Simple Methodism

In our ministry in the church, I know that our task is not to recreate what has come before. The Holy Spirit is not a cookie cutter, stamping out identical churches in every place and every time. But it is either my gift or my handicap that I am drawn to look at the root of things to discern what should be our central and animating principles today. So today, in the opening days of my ministry among a people new to me, I find myself looking again over John Wesley’s “Plain Account of a People Called Methodist.”

In that letter written in 1748, Wesley lists the four particulars about true Christianity that he and his brother Charles wished to persuade any who would hear them preach.

First, that the end of religion is that we become holy, happy, peaceful, and righteous people. It is about deep transformation by the power of the Holy Spirit.

Second, that repentance and faith in Jesus Christ are the only way to that end.

Third, that Christ forgives, pardons, and frees from the power of sin and death all who have faith in him.

Fourth, that the fruits of this faith are not stored away to enjoy in heaven after we die, but are tasted even now in this moment and in this life.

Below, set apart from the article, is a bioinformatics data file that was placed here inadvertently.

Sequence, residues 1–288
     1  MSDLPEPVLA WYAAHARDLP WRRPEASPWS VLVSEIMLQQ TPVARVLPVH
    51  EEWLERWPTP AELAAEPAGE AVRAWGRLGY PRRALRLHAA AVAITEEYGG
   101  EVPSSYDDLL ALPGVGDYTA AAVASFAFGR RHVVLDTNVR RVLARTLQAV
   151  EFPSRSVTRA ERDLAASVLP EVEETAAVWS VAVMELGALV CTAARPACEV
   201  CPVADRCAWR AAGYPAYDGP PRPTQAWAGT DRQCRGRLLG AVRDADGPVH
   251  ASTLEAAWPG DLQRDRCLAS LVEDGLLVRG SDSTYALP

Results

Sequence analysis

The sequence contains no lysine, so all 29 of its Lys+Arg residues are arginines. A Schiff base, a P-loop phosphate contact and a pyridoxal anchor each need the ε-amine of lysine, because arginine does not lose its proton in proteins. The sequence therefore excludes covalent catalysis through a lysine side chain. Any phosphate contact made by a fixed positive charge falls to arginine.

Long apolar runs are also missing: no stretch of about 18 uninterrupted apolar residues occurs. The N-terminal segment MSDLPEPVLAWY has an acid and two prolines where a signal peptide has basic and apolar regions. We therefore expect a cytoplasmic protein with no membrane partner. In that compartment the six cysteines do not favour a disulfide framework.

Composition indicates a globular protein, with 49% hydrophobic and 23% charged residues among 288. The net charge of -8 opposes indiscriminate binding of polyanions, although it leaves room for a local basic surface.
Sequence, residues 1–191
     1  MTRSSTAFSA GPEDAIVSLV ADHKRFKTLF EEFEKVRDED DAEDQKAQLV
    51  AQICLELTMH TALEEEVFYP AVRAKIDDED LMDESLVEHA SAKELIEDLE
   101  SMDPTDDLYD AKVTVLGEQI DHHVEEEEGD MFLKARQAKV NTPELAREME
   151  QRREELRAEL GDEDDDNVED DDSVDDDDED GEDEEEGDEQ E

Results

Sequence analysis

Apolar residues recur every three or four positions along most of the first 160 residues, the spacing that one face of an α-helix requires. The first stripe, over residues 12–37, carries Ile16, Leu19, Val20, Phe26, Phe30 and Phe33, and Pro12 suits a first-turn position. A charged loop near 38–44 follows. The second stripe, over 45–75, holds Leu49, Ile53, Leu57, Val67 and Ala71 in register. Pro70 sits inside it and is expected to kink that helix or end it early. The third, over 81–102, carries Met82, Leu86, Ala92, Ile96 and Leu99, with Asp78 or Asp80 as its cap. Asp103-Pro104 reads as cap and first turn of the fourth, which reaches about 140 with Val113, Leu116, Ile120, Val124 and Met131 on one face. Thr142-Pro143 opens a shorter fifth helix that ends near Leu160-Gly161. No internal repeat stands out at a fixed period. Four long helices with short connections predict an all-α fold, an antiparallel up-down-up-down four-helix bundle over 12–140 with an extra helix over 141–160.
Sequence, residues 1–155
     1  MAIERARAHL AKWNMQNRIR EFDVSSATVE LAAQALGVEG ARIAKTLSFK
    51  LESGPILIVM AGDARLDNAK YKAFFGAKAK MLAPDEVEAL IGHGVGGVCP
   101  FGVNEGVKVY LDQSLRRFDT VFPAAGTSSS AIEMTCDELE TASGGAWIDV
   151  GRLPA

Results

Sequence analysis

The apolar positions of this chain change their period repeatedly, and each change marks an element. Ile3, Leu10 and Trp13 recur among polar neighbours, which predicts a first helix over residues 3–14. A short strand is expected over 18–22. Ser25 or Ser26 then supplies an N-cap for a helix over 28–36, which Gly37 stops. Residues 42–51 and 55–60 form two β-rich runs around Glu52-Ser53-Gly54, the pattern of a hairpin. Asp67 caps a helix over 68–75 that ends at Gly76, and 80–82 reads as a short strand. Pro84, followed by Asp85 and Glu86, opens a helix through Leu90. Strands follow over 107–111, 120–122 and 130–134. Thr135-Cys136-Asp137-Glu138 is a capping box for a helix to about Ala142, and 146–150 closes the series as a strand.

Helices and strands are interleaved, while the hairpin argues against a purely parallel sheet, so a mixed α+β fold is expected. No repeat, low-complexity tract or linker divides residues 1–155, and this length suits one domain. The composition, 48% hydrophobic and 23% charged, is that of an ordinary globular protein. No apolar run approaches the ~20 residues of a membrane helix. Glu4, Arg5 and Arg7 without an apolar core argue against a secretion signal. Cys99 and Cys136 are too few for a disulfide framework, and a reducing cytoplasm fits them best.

What I take to be Wesley’s great target in this message is a kind of dead, formal, and cold religion that provides little comfort and little power. It was a religion that put a great emphasis on having the correct knowledge in your head about various theological topics, on being blameless in our outward conduct, and in doing all manner of good and pious things.

There is nothing wrong with orthodoxy. There is nothing bad about being good and pious people who show up to church every Sunday and the food pantry on Wednesday. Wesley did not disparage any of that, but he did not want people to confuse the means of religion with the end or purpose of it.

The purpose of it all is to restore to people the joy and peace that God intended for them from the Creation.

It seems to me, looking out over the church in America today, that we might benefit from this old idea if we can learn how to preach and teach it in a way that can be heard today.

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